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Judge Denies Trump Request to Delay Transgender Military Enlistment

A federal judge on Monday denied a Trump administration request to delay an order requiring the military to begin transgender recruits starting Jan. 1.

(CN) - A federal judge on Monday denied a Trump administration request to delay an order requiring the military to begin transgender recruits starting Jan. 1.

The ruling by U.S. District Judge Colleen Kollar-Kotelly follows an earlier opinion blocking President Trump's ban on military recruitment of transgender men and women that many believed would have forced the dismissal of currently service members beginning in March.

The government had asked the court to stay the injunction while it’s on appeal at the D.C. Circuit.

“The court will not stay its preliminary injunction pending defendants’ appeal,” Judge Kollar-Kotelly wrote.

Government attorneys had argued that the Department of Defense would be irreparably harmed if forced to accept transgender service members. This failed to sway Kollar-Kotelly, who in a nine-page order, dissected the government's declaration that the injunction would "impose extraordinary burdens on the Department and the military services."

“In sum, having carefully considered all of the evidence before it, the court is not persuaded that defendants will be irreparably injured by allowing the accession of transgender individuals into the military beginning on January 1, 2018,” she added.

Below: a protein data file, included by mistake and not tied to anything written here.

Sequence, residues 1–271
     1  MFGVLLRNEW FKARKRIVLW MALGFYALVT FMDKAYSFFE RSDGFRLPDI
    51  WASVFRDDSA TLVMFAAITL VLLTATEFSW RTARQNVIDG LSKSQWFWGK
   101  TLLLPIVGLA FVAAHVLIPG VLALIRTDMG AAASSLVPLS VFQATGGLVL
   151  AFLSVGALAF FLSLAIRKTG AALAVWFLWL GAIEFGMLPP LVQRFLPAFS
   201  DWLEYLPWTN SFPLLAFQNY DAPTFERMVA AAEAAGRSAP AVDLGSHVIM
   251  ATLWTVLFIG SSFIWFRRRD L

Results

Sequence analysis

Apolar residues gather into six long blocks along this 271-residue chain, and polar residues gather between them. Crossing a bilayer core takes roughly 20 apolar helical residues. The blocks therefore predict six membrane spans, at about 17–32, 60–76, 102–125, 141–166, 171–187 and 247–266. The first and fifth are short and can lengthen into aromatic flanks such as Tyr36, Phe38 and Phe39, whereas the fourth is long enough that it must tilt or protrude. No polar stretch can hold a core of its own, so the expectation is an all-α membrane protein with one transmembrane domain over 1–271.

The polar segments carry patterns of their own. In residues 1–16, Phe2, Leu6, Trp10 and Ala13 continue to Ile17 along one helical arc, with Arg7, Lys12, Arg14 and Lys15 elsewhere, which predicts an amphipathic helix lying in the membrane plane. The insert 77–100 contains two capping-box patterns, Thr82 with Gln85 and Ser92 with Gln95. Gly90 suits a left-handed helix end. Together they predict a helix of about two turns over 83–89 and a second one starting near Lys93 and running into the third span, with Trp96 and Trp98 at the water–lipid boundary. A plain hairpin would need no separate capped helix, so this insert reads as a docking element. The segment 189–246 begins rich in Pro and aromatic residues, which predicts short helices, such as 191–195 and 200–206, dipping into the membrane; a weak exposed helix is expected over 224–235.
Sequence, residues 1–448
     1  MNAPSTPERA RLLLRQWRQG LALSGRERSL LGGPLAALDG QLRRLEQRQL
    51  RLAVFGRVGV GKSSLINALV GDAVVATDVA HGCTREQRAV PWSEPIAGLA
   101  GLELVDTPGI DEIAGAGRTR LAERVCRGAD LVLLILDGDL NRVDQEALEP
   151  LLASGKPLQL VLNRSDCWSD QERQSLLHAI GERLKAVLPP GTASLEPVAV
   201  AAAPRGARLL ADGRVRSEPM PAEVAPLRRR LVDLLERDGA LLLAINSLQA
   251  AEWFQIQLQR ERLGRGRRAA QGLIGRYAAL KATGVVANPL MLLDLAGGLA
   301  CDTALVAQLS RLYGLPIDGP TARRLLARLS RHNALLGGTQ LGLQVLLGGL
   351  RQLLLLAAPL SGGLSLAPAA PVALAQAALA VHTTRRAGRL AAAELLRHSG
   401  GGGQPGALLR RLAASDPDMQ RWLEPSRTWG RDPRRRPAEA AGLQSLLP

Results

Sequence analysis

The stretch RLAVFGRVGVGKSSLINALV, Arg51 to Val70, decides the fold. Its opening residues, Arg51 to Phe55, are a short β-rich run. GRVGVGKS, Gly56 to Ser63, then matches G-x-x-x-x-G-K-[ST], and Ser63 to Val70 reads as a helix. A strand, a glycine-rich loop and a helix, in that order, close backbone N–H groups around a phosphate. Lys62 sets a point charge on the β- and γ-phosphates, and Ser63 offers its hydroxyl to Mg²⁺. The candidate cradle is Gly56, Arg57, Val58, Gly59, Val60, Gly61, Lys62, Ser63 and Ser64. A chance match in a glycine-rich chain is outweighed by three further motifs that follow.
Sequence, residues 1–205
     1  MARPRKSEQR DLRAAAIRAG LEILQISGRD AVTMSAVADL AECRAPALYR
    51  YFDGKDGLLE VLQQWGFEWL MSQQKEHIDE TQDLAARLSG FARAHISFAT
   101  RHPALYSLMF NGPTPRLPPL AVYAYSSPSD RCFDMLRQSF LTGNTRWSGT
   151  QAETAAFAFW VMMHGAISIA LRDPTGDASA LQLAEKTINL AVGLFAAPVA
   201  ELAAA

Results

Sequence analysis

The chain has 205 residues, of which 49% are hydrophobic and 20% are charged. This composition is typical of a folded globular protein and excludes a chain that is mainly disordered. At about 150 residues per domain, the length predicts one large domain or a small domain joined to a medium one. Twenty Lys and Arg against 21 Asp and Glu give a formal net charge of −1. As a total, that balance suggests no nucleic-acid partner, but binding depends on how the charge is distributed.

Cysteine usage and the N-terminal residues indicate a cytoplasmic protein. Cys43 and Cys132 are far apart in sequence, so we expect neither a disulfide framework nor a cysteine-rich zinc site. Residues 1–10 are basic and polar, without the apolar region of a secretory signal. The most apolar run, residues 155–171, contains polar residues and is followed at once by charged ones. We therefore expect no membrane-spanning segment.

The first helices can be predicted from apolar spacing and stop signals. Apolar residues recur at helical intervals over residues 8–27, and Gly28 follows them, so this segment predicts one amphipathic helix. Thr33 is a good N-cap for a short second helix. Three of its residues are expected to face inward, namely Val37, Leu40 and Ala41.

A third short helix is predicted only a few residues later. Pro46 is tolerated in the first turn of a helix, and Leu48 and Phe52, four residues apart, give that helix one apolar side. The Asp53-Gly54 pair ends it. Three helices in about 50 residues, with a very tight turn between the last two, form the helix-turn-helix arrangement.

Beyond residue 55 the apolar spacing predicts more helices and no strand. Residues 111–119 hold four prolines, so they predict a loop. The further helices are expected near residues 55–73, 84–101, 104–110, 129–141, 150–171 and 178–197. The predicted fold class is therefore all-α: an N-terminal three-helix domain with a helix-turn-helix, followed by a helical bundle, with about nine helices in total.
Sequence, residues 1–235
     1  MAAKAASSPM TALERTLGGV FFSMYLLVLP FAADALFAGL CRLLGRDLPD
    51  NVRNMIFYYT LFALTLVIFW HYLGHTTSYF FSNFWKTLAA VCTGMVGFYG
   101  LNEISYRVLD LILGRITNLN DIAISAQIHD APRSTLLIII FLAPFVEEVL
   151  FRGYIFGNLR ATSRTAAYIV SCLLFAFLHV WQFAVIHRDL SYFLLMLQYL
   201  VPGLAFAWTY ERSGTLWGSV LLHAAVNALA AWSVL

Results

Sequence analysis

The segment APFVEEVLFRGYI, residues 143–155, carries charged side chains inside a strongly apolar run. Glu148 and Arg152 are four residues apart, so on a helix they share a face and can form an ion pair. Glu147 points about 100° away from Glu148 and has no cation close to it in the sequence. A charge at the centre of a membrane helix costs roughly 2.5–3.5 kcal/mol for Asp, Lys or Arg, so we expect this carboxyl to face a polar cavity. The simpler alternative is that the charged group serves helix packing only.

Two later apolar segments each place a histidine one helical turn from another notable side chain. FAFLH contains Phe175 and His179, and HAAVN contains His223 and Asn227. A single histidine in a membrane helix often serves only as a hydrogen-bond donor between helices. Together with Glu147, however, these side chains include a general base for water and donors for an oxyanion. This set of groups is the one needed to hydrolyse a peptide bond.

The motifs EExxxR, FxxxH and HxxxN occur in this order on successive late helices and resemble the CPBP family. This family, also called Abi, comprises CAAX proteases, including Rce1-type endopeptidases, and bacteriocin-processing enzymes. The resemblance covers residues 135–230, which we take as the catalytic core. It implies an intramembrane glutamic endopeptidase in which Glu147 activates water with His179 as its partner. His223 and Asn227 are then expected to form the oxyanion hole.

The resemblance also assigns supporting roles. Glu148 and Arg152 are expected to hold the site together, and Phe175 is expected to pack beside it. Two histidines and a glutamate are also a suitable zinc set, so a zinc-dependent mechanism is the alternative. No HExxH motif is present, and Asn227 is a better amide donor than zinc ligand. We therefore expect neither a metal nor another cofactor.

Kollar-Kotelly noted that the Department of Defense has already had ample time to get ready, since the directive from former defense secretary Ash Carter to prepare for transgender individuals to join the military was issued on June 30, 2016.

Kollar-Kotelly also pointed to the training of 250 additional medical personnel working nationwide in military entrance processing stations, and a declaration from former Navy secretary Raymond Mabus Jr. that the services had completed most of the necessary preparation.

While the government had hinted in a recent court filing that a new transgender policy is forthcoming, Kollar-Kotelly said she received no details about it.

"The Court is left to speculate," the order states. "On the one hand, to the extent the policy Defendants foresee adopting in the future is a ban on accessions—which the Court has already concluded is likely to be proven unconstitutional—this is clearly not a reason to stay the injunction in this case."

Maj. David Eastburn, a Pentagon spokesman, says the enlistment of transgender recruits will start Jan. 1 and go on amid the legal battles. He also said the Defense Department also is studying the issue.

Eastburn told The Associated Press on Monday that the new guidelines mean the Pentagon can disqualify potential recruits with gender dysphoria, a history of medical treatments associated with gender transition and those who underwent reconstruction. But such recruits are allowed in if a medical provider certifies they've been clinically stable in the preferred sex for 18 months and are free of significant distress or impairment in social, occupational or other important areas.

Lauren Ehrsam, a spokeswoman for the Justice Department, said "We disagree with the court's ruling and are currently evaluating the next steps.

"Plaintiffs' lawsuit challenging military service requirements is premature for many reasons, including that the Defense Department is actively reviewing such service requirements, as the president ordered, and because none of the plaintiffs have established that they will be impacted by current politics on military service, Ehrsam's statement said.

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